Sewing pattern review with How to do Fashion

A Perfect Swing Jacket With How To Do Fashion

A few months ago, Nanna from sewing pattern company How to do Fashion contacted me to see if I would like to make-up some of her sewing patterns. Back at the start of July, I made-up the No 5 Arhus pattern (which you can read about here). The pattern went together so perfectly, and it actually reminded me that modern-day patterns are often easier to understand and work with than my usual go-to original vintage ones.

Amongst the patterns that I had chosen, was the No 4 London Swing Coat. I was drawn to the pattern due to it’s great vintage inspired details – the oversized collar, swing shape, the broad welt pockets – these style details all added up to a great design. Swing coats and swagger jackets really appeal to me, as they can be styled to suit many different vintage eras and looks. Swing coats had their heyday throughout the 1950s, although they were also worn from the 1930s up to the 1960s.

The pattern comes with 3 different versions or styles:

  • Version 1 is a long coat with patch pockets and rounded collar
  • Version 2 is a mid length jacket with no collar, a belt and concealed pockets
  • Version 3 is a short jacket with welt pockets and a tie collar

For my version of the jacket, I decided that I wanted to incorporate elements from each of the three different pattern versions. I used: The collar of Version 1, the length of Version 2, and the welt pockets of Version 3. The pattern pieces for the main body of the jacket are essentially the same, with cutting lines to alter the length for each version.

As with the Arhus pattern, this pattern went together quickly – in fact, much quicker than I expected! I decided to fully line the jacket, so I cut out the front sections from my main fabric twice, giving me a facing. I also cut out the neck facing from my main fabric, giving me a nice backing onto which to sew my How to do Fashion label (which came with the pattern – amazing!). I then cut out the remainder of the pieces (including the sleeves) from my chosen lining fabric.

The most time-consuming part of the entire making process, was putting the lining in. Firstly I sewed the collar onto the main jacket. I then stitched the lining along the CF and neckline, encasing the raw edges of the collar. After this, I added shoulder pads. In order to ‘bag out’ the lining, I referred to this tutorial from Grainline Studio. Whilst I was doing this, I realised I had never ‘bagged out’ a jacket lining before – crazy huh? But with Kieren’s jacket that I made in April, it featured a waistband encasing the lining – thereby not requiring a lining/jacket hem. After bagging out the main body of the jacket, I then did the same for the sleeves.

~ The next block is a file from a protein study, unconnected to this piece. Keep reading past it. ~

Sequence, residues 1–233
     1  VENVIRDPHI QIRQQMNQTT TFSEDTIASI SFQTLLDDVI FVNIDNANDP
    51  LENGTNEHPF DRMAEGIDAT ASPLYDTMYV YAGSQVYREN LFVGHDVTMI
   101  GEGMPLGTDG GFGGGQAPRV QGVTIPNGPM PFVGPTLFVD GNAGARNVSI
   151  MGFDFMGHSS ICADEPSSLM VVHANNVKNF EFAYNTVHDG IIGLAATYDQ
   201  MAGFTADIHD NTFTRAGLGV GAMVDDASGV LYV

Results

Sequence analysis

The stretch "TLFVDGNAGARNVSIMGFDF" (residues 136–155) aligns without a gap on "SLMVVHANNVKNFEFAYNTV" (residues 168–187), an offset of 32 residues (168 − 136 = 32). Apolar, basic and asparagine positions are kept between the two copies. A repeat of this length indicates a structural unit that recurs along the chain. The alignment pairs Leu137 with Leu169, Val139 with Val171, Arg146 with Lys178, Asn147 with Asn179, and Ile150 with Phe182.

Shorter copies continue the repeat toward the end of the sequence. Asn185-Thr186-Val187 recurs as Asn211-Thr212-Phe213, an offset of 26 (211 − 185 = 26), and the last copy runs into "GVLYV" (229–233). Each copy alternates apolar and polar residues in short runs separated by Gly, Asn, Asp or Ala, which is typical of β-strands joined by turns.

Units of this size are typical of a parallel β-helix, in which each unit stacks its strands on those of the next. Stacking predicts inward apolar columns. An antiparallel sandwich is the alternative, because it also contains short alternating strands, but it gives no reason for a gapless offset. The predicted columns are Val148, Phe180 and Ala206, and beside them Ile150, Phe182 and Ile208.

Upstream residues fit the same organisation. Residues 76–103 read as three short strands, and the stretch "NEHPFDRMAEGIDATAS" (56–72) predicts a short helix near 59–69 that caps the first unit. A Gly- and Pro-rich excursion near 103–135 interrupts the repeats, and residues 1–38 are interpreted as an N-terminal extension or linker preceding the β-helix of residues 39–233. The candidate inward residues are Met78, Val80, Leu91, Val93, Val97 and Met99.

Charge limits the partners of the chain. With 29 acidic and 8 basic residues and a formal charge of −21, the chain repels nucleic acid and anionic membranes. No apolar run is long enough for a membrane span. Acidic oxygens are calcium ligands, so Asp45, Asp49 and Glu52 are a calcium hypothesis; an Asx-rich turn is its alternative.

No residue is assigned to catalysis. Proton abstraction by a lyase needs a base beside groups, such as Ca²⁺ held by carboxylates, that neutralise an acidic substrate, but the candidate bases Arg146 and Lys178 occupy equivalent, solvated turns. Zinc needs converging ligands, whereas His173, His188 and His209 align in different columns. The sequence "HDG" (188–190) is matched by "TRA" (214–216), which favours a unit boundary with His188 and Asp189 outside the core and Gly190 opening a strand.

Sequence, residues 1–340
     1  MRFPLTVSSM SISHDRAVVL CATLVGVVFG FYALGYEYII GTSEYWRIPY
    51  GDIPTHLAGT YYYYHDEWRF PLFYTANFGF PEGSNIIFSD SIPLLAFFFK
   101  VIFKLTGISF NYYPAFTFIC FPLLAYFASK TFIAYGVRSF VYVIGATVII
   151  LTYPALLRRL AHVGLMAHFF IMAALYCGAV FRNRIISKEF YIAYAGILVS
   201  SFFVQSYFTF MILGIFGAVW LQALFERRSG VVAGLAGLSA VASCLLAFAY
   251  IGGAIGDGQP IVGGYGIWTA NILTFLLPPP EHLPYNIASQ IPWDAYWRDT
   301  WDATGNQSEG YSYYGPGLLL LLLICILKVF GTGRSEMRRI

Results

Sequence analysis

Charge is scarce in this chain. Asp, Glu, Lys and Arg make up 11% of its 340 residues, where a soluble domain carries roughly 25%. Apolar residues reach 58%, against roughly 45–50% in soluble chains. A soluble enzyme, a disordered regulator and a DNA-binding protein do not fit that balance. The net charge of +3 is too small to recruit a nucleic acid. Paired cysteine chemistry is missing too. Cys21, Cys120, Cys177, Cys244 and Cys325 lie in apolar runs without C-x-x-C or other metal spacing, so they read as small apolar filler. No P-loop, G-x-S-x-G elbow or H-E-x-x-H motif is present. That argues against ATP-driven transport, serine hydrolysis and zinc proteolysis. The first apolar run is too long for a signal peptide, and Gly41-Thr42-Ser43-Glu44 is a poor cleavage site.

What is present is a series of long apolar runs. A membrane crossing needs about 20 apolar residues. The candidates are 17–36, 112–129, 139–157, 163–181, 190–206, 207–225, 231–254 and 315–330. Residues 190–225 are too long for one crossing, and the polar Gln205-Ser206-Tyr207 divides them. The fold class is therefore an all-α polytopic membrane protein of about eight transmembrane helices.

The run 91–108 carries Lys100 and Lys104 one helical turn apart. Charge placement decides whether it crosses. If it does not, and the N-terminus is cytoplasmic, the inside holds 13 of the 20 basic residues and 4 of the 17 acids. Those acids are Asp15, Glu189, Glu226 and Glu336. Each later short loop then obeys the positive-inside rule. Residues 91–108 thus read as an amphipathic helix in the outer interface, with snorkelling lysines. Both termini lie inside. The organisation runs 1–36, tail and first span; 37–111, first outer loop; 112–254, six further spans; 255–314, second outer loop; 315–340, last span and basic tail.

After turning the jacket the correct way out through an underarm seam, I then checked everything was aligned and sitting correctly, before stitching-up the underarm opening in the lining closed. I finished the jacket with two cover-buttons made from the main jacket fabric, and buttonholes (which this time, actually turned out pretty well! Phew.)

When I was initially thinking about fabric colours for this jacket, I wanted to find a soft, muted green wool. After searching for a while, I couldn’t find a soft green, but I found this jadey/aqua green instead which I thought was perfect! I did have a bit of drama with it though.. It was the end of a roll, and the cutter told me that there was 2.7metres left. I said yes, that’s great, I will have the 2.7metres. But when I got it home, I measured it just before I pre-shrank it, to discover there was only 2.3metres! I don’t know if I was charged for the extra 0.4metres or not, and frankly (after brooding and thinking what an idiot I was for not watching the cutter more closely), I was just pleased that there did turn out to be juust about enough fabric to make this jacket. So anyway, the main jacket fabric is a nice medium weight 100% wool. I wanted the lining to contrast slightly, so I choose this lilac lining with tiny paisley motifs.

I am so pleased with how this jacket turned out, and I would most definitely make it up again! In these pictures, I decided to go for a 1950s pink and aqua look – especially as I don’t tend to wear pink too often, so it’s nice when I do for a change.

Outfit Details

  • Jacket – Made by me, Pattern is No 4 London c/o How to do Fashion
  • Skirt – Made by me, from a vintage 1930s sewing pattern
  • Brooch – Luxulite some years ago
  • Bag – Sun Jellies
  • Shoes – c/o Hotter

Thank you so much to Nanna from How to do Fashion for this wonderful pattern! Now I know I shall be warm and cosy come the autumn months.

Until next time dears!

Fall/Winter Style Series For Hotter Shoes

Since January this year, I have been working with Hotter Shoes creating Style Series posts for them to publish over on their blog; It’s a Shoe Thing. I am thrilled to announce that I am continuing to work with them, producing Style Series posts and articles for the forthcoming fall/winter collection.

There are some wonderful vintage inspired styles coming out for fall/winter, from flats to heels and boots (for when the weather inevitably gets much cooler and damper!)

For this series, I will be showing how to style selected designs to suit a vintage decade; from the 1960s back to the 1930s. In my first post, I style the Crimdon loafers to suit a retro 1960s look.

Pop on over to the Hotter Shoes Blog to read the full post, in which I also talk little about the history of the loafer and the styles of flat shoes women wore during the early decades of the twentieth century.

View the full post here.

To view my previous Style Series posts for Hotter Shoes, check out this category here.

Until next time dears!